Edison Theater (Jerusalem)

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Edison Theater was a theater for movies and silent films in the Zichron Moshe neighborhood of Jerusalem. It opened in 1932 and ceased operating in 1995. The building was destroyed in 2006, and now a housing complex for the Haredi population is being built on the site.


Edison Theater was the third theater to be built in Jerusalem. It was noted for its modern architecture, immense dimensions, and for being the first theater in Jerusalem to possess air conditioning. The theater was named after Thomas Edison, inventor of the motion picture. In addition to movies, it hosted many live performers including Yves Montand, and was the venue for concerts of the pre-state Philharmonic Orchestra.[1]

The theater's location at the junction between religious and secular Jewish neighborhoods in Jerusalem led to a high degree of controversy over the years. In 1931, an "anti-Shabbat-violation" agreement was signed between the management of Edison and the two other theaters; it was agreed that violation of the agreement would incur a fine of 300 Israeli liras (of them, 150 would go to the Diskin Orphanage, and 75 to each of the other theaters). After the theater became highly successful, however, it was decided to advance the sale of tickets to Shabbat, even though the movie itself would only start after Shabbat. This caused a strong reaction in the neighboring Haredi community, led by Amram Blau (a founder of the Neturei Karta group), who attempted to prevent the sale of tickets on Shabbat. The theater was twice the target of arson (in 1965 and 1975), causing heavy damage.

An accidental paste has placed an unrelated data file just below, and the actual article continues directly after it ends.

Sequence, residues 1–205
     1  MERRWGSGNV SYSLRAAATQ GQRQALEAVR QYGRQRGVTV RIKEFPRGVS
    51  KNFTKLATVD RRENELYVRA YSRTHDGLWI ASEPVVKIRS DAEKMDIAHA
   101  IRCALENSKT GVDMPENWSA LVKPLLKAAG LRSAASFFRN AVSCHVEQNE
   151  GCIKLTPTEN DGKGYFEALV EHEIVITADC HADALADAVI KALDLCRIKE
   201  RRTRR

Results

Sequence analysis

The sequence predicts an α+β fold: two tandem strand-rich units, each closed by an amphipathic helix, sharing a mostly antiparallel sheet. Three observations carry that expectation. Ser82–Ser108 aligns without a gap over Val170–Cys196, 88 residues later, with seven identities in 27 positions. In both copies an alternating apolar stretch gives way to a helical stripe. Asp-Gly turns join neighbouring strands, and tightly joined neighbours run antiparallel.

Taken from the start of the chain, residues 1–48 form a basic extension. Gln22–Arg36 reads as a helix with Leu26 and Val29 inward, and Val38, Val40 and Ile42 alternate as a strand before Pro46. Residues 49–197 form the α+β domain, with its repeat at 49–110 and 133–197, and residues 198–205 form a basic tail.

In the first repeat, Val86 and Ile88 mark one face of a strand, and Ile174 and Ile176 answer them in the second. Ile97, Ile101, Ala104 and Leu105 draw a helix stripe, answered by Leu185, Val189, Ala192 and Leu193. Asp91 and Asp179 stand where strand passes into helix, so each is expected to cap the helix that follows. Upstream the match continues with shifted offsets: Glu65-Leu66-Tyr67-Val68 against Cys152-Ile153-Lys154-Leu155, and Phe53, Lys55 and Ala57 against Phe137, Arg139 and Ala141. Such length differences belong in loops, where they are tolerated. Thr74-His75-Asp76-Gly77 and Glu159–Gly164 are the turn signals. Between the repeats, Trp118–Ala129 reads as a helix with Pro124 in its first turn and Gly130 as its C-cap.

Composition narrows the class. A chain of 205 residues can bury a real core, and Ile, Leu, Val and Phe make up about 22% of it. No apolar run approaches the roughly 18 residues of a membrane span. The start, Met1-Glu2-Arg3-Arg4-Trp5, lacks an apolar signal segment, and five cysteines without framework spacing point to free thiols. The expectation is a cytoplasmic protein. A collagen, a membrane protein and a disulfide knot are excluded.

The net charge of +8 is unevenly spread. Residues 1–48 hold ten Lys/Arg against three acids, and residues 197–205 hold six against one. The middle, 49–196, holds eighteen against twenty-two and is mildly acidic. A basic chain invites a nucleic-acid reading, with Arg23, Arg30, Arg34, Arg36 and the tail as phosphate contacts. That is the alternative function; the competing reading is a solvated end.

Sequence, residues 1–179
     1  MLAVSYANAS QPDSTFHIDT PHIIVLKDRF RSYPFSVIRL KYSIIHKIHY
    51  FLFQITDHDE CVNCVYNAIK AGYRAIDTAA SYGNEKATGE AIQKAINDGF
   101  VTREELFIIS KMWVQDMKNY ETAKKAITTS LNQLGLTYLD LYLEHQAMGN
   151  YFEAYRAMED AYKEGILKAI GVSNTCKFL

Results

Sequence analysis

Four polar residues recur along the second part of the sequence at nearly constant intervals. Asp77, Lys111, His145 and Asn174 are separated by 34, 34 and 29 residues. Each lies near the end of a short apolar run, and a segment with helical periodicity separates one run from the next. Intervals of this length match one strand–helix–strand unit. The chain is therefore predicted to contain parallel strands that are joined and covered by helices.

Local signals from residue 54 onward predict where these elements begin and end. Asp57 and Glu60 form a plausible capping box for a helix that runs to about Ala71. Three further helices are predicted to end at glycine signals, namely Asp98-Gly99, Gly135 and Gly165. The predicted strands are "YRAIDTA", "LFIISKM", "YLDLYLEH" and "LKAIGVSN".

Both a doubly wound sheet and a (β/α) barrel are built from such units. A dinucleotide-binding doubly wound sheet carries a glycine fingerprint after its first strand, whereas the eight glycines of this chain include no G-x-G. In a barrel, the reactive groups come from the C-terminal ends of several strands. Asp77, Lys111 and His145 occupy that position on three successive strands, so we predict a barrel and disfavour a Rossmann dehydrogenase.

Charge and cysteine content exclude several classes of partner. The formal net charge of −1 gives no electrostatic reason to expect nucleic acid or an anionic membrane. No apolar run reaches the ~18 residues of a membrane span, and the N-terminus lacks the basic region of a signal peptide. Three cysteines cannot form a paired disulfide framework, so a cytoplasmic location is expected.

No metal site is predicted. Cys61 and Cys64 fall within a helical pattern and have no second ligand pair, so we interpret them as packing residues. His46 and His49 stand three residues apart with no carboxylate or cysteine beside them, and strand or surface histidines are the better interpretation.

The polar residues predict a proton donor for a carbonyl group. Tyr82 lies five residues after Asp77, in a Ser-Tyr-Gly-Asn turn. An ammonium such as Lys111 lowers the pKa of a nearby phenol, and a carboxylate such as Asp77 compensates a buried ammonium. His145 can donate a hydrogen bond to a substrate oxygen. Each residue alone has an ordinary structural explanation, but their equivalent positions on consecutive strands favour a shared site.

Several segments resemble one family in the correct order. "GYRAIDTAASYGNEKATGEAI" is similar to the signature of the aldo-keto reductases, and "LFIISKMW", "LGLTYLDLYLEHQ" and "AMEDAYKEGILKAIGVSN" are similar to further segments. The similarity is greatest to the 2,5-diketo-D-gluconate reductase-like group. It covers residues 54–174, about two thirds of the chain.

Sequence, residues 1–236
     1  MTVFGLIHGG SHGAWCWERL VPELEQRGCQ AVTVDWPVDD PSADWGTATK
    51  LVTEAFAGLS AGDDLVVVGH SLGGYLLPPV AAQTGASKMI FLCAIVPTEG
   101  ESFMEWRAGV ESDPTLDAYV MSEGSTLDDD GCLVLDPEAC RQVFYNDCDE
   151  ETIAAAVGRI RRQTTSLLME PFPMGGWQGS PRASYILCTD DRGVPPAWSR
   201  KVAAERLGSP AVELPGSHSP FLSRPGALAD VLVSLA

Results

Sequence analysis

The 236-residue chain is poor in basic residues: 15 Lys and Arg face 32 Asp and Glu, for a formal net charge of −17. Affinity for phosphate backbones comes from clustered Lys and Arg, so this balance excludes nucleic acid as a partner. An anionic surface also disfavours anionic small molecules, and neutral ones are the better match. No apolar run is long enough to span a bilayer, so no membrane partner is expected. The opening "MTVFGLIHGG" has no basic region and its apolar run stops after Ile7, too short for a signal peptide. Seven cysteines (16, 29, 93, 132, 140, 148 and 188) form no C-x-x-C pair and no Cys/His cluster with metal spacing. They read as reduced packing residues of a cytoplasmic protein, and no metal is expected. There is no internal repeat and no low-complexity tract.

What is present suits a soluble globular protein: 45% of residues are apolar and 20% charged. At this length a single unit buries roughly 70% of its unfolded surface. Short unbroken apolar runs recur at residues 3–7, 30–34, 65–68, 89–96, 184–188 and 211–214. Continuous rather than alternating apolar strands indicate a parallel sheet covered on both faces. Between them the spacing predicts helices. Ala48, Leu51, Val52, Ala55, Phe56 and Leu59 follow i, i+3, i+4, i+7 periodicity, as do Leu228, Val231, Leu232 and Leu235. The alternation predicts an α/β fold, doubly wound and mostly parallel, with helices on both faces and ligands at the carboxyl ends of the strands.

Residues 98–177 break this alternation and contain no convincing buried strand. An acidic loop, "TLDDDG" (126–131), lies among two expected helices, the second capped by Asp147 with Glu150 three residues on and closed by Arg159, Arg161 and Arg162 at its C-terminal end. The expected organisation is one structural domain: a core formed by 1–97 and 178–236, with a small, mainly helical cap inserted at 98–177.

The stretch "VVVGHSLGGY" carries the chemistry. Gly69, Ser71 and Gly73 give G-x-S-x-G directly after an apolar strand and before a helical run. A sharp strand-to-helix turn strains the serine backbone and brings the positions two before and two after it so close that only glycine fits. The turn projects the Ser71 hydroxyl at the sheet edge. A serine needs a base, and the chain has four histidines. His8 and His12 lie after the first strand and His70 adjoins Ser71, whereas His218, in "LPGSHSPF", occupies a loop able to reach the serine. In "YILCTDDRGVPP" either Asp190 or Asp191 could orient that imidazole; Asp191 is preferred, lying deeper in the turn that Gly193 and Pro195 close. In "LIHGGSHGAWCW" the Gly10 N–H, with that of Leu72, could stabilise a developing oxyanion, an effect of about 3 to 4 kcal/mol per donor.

The theater finally closed in 1995 and remained abandoned for a number of years. Though the neighborhood of the theater had become almost exclusively Haredi, the owner refused for various reasons to sell the theater building to them. In 2006, however, the site was sold to a group of Satmar Hasidim, spearheaded by satmar hasidic businessmen from America, who completed construction of the 60+ Housing complex in February 2014. This outcome has been seen by Satmar and the local neighborhood residents as a victory in their fight for the "holiness of Jerusalem".